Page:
0---1---0 / \ / \ / x---y---x / \ / \ / 0---1---0 (0=2)

Where x is a primitive 6th root of unity, so like the sum of any two of {x,y,1} is the third, and xy = 1, and..., you know, it behaves like how GF(4) behaves.

And also I can represent GF(7) differently from "the integers modulo 7" as living in a lattice with a fundamental domain like so:

0 \ / \ -5---6---0 \ / \ / --3---4-- / \ / \ 0---1---2- \ / \ 0

(the things I'm labelling 1 and 2 are really the complex numbers 1 and 2. The things labelled 3, 4, 5, 6 are the Eisenstein integers they spatially appear to be, and correspond to the evident elements of GF(7))

Similarly GF(5) can be made to look like

0 | | --3---4---0 | | 0---1---2-- | | 0

(with again 1 and 2 really being 1 and 2, and 3 ∈ GF(5) being 1 + i and 4 ∈ GF(5) being 2 + i)

Dunno if that is particularly meaningful.

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Thoughts during lunch:

You can't do GF(p

^{k}) for any k ≥ 3 because there's not enough places for zeroes. Any x in the field has to have px = 0 mod the lattice, but there's only p

^{2}distinct places in the fundamental domain on the lattice that have that property. So GF(8) is right out.

But at least GF(9) = GF(3)[x]/(x

^{2}- x - 1) seems to be doable: writing y for -x = 2x just to make my ascii art fit better, I can do

0 --- 1 --- 2 --- 0 | | | | | | | | y+2 -- y -- y+1 - y+2 | | | | | | | | x+1 - x-1 -- x -- x+1 | | | | | | | | 0 --- 1 --- 2 --- 0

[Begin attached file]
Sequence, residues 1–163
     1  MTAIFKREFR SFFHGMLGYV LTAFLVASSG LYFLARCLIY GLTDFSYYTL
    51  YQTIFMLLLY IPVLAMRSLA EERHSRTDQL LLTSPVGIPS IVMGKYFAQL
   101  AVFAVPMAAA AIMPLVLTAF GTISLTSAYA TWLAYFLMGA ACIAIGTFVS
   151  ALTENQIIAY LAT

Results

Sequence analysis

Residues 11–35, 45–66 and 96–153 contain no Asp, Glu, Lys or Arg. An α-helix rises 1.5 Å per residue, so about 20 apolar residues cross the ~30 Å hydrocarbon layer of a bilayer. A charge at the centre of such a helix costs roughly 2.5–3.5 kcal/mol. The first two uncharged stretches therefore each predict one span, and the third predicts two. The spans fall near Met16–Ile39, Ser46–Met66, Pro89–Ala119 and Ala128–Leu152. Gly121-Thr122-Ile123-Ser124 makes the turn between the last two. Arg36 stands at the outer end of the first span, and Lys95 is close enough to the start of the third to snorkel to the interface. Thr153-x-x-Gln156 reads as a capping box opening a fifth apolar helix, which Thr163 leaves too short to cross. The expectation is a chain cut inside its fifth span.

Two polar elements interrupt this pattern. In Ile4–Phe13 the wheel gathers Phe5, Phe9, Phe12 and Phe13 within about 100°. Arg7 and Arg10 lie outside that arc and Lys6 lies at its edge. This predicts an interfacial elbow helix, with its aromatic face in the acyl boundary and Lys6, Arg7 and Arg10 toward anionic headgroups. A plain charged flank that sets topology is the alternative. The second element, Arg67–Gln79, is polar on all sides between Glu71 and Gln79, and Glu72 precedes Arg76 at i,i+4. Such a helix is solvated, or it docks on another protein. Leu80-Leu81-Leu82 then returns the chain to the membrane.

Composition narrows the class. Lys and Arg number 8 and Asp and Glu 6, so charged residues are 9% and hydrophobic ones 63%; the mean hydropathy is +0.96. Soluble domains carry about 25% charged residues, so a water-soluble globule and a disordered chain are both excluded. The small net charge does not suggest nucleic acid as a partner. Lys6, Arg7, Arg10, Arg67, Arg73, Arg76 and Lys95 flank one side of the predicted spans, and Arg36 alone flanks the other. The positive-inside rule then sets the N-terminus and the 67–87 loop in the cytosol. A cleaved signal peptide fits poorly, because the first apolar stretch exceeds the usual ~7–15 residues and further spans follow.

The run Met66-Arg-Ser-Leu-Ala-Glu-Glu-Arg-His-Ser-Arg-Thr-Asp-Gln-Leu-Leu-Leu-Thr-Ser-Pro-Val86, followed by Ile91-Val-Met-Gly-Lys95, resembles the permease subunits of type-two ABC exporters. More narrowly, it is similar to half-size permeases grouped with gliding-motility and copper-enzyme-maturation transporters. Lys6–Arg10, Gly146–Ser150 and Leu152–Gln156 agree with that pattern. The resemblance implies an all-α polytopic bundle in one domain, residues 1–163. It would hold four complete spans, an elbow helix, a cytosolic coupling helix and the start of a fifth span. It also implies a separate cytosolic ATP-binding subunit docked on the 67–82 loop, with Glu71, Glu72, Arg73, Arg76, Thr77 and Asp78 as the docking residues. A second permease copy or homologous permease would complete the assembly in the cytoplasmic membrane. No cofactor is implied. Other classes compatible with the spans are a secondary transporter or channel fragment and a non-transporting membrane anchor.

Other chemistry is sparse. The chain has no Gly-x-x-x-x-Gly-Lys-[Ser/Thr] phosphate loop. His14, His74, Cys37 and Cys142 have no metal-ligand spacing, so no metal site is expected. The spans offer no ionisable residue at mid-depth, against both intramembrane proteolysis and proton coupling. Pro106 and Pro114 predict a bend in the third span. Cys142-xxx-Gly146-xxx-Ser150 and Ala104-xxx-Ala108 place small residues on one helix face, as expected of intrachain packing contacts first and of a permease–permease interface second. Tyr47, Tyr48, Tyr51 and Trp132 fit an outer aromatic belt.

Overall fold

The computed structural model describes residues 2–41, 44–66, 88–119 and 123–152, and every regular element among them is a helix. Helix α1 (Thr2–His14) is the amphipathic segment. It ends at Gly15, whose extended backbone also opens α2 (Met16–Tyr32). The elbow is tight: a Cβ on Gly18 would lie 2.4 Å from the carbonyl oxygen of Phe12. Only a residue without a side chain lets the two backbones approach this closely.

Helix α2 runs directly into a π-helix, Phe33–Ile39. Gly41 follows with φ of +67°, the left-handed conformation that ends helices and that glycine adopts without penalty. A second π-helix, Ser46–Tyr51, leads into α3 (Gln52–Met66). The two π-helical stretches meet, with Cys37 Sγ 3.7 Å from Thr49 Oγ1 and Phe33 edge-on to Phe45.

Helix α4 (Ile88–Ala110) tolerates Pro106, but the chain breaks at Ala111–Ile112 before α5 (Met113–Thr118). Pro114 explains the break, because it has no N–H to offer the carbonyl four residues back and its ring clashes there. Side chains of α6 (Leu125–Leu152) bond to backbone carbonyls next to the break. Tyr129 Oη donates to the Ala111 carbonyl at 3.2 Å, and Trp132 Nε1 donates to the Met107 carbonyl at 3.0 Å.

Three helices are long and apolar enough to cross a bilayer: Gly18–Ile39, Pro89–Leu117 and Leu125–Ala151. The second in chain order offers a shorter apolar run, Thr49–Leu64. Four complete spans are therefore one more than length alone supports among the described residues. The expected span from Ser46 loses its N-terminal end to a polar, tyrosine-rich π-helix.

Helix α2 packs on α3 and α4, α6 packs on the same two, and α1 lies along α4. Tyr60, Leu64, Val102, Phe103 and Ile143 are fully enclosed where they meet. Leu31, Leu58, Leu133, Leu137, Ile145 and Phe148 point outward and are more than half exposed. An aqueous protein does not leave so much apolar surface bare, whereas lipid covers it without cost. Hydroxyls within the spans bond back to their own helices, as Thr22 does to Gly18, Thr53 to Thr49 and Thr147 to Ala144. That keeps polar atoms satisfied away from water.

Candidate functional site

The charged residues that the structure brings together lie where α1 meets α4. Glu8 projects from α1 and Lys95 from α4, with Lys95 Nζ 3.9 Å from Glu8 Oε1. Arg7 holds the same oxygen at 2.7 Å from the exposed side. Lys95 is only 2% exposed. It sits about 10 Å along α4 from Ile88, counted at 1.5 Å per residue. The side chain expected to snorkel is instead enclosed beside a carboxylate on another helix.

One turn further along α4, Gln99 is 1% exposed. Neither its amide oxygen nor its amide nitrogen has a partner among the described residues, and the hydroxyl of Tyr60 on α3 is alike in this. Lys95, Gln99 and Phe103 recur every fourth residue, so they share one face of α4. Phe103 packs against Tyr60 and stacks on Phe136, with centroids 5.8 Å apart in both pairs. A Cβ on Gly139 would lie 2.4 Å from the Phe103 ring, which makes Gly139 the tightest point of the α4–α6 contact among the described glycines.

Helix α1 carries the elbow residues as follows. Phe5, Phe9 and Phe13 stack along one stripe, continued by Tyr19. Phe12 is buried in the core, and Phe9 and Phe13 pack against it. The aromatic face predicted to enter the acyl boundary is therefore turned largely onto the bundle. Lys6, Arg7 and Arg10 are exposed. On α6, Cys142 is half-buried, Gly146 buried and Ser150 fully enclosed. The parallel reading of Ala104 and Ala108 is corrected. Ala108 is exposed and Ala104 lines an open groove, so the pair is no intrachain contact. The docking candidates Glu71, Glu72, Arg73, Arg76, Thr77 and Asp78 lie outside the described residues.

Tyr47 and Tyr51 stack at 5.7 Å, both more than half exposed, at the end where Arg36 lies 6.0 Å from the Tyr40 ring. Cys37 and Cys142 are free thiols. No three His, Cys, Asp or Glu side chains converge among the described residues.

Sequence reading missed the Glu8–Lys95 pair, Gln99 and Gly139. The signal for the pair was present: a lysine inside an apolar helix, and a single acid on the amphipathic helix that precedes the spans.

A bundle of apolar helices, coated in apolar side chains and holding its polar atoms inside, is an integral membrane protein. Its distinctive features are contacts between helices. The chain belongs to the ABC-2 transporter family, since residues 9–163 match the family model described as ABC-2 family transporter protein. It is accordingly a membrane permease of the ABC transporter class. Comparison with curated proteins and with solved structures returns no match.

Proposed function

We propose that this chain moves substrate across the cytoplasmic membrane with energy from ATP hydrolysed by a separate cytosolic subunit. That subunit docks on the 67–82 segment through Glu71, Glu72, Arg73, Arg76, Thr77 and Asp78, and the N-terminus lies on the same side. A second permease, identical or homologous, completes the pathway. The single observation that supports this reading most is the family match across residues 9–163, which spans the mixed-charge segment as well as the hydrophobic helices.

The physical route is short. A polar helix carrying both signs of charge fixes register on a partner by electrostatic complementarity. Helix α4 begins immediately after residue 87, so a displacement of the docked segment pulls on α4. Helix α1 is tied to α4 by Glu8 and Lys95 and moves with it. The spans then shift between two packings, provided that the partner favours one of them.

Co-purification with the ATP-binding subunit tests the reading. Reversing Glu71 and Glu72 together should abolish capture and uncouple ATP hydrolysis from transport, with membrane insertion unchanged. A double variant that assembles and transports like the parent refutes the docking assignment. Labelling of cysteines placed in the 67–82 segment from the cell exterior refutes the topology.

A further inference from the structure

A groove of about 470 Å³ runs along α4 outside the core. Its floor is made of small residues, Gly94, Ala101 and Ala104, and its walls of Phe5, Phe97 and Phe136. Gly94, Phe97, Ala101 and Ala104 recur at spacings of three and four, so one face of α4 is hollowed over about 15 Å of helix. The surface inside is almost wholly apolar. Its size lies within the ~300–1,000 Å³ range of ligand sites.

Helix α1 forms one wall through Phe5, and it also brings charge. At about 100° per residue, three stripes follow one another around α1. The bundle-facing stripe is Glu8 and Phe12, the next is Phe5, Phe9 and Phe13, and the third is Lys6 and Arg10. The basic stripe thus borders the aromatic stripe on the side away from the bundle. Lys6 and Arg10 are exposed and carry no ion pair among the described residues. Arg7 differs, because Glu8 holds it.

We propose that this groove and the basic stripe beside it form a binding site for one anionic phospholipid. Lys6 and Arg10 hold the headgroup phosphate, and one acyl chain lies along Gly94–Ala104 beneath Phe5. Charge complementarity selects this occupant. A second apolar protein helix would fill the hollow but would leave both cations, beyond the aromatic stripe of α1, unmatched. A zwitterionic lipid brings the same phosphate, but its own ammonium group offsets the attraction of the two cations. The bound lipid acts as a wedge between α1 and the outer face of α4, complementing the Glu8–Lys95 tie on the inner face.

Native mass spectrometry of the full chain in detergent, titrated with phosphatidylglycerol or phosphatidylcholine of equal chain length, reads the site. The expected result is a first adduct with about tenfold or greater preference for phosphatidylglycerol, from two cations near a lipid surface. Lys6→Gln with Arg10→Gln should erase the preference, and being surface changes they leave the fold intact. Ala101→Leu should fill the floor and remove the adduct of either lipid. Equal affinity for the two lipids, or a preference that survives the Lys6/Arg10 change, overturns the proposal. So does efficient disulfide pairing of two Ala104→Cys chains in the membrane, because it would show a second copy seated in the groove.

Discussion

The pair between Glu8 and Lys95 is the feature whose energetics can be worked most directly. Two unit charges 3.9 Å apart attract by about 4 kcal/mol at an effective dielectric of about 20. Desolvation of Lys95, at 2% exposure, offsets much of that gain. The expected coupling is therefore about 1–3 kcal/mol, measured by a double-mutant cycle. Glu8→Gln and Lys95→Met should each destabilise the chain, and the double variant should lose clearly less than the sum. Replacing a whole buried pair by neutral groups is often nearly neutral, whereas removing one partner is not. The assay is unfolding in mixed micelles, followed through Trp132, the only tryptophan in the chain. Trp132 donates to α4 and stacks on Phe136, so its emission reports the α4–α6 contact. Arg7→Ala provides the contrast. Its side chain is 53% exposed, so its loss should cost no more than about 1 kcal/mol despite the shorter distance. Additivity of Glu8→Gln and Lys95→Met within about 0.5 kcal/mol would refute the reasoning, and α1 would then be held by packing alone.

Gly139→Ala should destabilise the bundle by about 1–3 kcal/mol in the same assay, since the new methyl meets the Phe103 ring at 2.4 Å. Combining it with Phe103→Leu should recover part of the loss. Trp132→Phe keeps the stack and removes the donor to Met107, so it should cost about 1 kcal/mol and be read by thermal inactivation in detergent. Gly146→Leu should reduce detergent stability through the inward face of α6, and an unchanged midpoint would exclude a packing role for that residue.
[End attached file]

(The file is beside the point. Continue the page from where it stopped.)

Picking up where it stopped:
such that x=2+i is a generator mod the lattice {3,3i}, for the powers of x go like 1,x,x

^{2},...,x

^{7},x

^{8}=

1, x, x+1, 2x+1, 2, 2x, 2x+2, x+2, 1

That's pretty weird, then. Can I do all fields GF(p

^{2}) like this? Can I make any sense of GF(p

^{k}) for any k ≥ 3 over some other base field? Obviously the quaternions aren't commutative, but maybe multiplication on some subset of it would end up commutative

*modulo*a well-chosen lattice?

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Hmm the only ones I can find now are

1 + 2i generates GF(9) mod {3,3i}.

1 + 2i generates GF(49) mod {7,7i}

1 + 4i generates GF(121) mod {11,11i}

1 + 2i generates GF(529) mod {23,23i}

so I guess squares of 3-mod-4 primes are more well-behaved?

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Well at least for all primes up to 571 that are 3 mod 4, it seems like the p-by-p square of {a+bi|0 ≤ a, b < p}, modulo the lattice generated by {p,pi}, is isomorphic to GF(p

^{2}). (There's nothing special about 571, it's just the last prime in a list of primes I copy-pasted from somewhere)

#!/usr/bin/perl sub testGenerator { my ($p, $zr, $zi) = @_; my ($x, $y) = (1, 0); my (%seen) = (); for ($t = 0; $t < $p * $p; $t++) { my $a = ($x * $zr - $y * $zi) % $p; my $b = ($y * $zr + $x * $zi) % $p; $x = $a; $y = $b; last if $seen{"$x,$y"}; $seen{"$x,$y"} = 1; } return $t; } for (my $p = 3; $p < 1000; $p++) { for (my $x = 0; $x < 15; $x++) { if (testGenerator($p, 1, $x) == $p * $p - 1) { print "$p gen by 1 + ${x}i\n"; last; } } }

Oh! and it seems like GF(p

^{2}) for p = 2 mod 3 can be embedded in a nice p-by-p parallelogram in the Eisenstein integers.. So GF(169) is the first one I'm really uncertain about, since 13 is the smallest prime that's not 2 mod 3 or 3 mod 4.

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There aren't any solutions of 0 = a

^{2}+ b

^{2}mod p when p is a prime 3 mod 4 and 0 < a,b < p, are there? Then defining the inverse of a + bi in the usual way as a/(a

^{2}+ b

^{2}) + i * b/(a

^{2}+ b

^{2}) (where the divisions by a

^{2}+ b

^{2}are taken in the field GF(p)) will always be well-defined.